Property tax disputes involving the four not-for-profit hospitals in Harrisburg, Pa., are headed for court following the revocation of their tax exemptions by county officials and the officials' subsequent refusal to accept any payments in lieu of property taxes.
But a pending case before the Pennsylvania Supreme Court and a pending bill in the state Legislature have the potential of bailing out the hospitals before their disputes go much further.
The hospitals are 439-bed Milton S. Hershey Medical Center, 402-bed Harrisburg Hospital, 394-bed Polyclinic Medical Center and 157-bed Community General Osteopathic Hospital. Hershey Medical Center is operated by Pennsylvania State University, a state-supported institution. The other three are private, not-for-profit hospitals.
The hospitals' property-tax disputes date back to late December 1992, when the three-member Dauphin County Board of Assessment Appeals voted to revoke the long-standing tax exemptions held by the four institutions. The action marked the first time the hospitals' exemptions had been challenged.
"The board said it had been reviewing certain properties and determined that the hospitals failed the test of the HUP case," said William Wright, an attorney for Community General.
The "HUP" case refers to a 1985 Pennsylvania Supreme Court decision that created a five-part test organiza-tions had to pass to qualify for property-tax exemptions as "purely public charities." Under the test, for example, an organization must operate entirely free from a profit motive. Since then, any organization that generates excess revenues has become a target for local Pennsylvania tax assessors.
All four Harrisburg hospitals are profitable, and their 1993 property tax liability ranges from $276,455 to $1.9 million (See chart). The total tax liability includes county, township, city, school and library taxes.
The four hospitals appealed the revocations to the board, which held four sets of hearings on the disputes in June. Then, in late November, the board upheld the revocations, ruling that the hospitals weren't purely public charities worthy of tax exemptions. Late last month, all four hospitals appealed their cases to the Dauphin County Court of Common Pleas, which has yet to schedule trial dates.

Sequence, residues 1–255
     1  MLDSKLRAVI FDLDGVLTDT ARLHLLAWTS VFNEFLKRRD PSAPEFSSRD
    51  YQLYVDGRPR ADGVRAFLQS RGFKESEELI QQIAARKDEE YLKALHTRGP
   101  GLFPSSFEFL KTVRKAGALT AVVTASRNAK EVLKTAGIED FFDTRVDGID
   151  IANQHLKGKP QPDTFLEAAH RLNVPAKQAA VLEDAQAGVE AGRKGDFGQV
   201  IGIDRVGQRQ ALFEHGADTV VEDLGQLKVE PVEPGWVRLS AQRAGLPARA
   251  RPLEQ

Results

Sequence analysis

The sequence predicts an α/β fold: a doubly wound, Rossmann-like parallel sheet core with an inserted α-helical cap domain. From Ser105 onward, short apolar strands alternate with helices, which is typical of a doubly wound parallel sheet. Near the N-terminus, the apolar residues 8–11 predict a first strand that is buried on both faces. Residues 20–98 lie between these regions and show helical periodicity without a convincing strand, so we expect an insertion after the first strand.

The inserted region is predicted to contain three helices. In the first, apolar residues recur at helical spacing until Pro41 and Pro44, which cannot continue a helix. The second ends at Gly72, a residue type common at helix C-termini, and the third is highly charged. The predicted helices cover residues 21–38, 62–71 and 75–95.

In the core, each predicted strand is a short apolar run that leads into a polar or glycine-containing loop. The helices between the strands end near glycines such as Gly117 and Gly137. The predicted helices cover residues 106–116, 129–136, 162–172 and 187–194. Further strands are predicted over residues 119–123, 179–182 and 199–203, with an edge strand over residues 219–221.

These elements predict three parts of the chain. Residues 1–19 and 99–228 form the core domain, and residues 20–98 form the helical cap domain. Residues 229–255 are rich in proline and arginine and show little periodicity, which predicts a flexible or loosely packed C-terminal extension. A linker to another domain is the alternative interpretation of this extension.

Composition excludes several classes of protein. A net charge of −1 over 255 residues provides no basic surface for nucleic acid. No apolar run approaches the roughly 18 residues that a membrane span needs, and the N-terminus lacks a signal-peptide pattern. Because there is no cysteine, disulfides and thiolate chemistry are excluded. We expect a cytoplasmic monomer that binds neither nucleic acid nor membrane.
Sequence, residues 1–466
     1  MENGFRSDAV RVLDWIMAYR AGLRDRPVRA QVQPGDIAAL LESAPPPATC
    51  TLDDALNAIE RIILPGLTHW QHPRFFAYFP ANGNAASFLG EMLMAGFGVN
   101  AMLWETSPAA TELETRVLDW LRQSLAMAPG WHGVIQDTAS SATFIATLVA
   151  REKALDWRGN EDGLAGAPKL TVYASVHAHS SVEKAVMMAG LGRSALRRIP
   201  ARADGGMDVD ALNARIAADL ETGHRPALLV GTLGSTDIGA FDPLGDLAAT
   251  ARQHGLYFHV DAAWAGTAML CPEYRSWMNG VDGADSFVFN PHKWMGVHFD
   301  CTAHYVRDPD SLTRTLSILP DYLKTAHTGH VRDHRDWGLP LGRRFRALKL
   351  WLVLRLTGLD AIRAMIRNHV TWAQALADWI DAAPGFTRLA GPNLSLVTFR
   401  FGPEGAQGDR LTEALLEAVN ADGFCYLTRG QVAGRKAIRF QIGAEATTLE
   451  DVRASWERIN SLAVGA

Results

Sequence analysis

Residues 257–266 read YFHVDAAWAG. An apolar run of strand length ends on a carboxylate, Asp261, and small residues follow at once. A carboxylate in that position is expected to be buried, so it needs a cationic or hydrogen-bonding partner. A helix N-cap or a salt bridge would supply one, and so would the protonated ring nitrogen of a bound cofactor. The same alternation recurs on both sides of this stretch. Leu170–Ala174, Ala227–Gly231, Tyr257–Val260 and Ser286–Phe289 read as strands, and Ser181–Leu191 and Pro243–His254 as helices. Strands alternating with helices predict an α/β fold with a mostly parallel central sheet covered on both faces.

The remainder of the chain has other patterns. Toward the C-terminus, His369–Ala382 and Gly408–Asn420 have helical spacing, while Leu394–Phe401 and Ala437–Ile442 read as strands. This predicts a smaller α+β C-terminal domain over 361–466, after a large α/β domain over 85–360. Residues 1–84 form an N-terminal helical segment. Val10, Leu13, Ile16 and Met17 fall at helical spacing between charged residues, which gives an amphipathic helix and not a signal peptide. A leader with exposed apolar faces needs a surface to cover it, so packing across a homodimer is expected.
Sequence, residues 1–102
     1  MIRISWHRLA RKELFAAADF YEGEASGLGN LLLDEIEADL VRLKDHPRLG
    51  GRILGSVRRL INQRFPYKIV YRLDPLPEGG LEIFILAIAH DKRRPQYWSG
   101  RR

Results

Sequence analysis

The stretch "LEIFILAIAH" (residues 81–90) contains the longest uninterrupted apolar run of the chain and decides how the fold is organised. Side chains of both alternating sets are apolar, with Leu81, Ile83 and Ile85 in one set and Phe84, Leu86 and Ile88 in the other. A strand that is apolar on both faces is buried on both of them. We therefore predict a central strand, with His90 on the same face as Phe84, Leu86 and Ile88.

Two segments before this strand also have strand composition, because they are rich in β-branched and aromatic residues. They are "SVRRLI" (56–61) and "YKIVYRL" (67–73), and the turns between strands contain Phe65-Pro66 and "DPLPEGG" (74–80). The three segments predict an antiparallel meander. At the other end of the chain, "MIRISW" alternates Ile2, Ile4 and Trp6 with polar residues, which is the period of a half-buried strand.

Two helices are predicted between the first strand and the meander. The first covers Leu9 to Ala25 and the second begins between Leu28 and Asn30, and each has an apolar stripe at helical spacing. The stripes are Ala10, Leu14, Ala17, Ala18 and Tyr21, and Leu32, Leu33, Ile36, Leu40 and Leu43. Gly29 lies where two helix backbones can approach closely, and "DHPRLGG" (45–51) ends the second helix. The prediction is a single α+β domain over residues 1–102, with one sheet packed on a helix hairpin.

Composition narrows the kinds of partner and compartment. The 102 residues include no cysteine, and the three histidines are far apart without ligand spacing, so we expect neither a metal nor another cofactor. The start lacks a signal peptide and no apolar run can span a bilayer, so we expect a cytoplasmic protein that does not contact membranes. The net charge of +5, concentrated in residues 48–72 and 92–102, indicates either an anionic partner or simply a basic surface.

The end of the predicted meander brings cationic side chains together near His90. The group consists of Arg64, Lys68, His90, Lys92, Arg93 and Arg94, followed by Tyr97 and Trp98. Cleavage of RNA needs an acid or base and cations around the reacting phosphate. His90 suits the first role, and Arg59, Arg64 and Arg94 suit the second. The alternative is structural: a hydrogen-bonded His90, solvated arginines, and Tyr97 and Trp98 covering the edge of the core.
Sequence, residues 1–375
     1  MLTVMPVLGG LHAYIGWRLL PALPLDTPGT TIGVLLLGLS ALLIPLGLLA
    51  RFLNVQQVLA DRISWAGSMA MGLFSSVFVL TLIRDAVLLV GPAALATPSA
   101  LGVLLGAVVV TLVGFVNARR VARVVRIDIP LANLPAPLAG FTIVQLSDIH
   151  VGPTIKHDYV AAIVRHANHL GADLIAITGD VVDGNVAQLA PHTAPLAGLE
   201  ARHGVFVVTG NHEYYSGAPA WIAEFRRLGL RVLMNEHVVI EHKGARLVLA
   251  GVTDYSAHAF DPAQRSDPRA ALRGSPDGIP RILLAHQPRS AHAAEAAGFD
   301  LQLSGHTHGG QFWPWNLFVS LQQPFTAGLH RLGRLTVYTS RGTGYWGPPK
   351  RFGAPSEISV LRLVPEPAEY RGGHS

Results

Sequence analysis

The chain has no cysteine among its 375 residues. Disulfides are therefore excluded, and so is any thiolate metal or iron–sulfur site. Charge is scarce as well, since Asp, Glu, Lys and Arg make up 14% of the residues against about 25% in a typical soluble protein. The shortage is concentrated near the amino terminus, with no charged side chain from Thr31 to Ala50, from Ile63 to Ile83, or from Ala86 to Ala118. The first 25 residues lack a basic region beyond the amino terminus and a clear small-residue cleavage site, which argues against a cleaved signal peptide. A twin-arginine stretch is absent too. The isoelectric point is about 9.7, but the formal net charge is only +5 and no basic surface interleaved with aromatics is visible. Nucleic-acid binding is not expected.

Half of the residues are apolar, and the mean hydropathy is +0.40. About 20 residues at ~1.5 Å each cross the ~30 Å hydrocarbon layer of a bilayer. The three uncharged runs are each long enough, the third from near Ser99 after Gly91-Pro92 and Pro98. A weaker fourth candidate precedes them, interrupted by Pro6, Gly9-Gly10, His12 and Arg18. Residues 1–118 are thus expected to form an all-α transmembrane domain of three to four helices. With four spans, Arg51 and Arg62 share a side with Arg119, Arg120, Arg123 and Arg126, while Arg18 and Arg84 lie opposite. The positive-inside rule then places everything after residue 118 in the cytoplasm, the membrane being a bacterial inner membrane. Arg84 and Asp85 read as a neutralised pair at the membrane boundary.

In other tax challenges involving Pennsylvania hospitals, many hospitals have agreed to make payments to local municipalities in lieu of property taxes. However, in the Harrisburg cases, county officials aren't interested in settling and have declined to negotiate over any payments in lieu of taxes, said Allan Anderson, vice president and chief operating of-ficer of Hershey Medical Center.
Despite the hard stance by the county, hospital executives expressed confidence that their institutions will win back their tax exemptions in court.
"It is Polyclinic's belief that our charity care and community service are a fair basis for our continued exemption. As a community teaching hospital, Polyclinic funds are used to improve health services and to provide medical care for those unable to pay," the hospital said.
Meanwhile, a pending case before the state Supreme Court may resolve the battle between local assessors and not-for-profit hospitals (Oct. 18, 1993, p. 18). Also, a bill pending in the state Legislature would define organizations that qualify for exemptions as purely public charities and would allow them to pay a percentage of their tax bill as payments in lieu of taxes.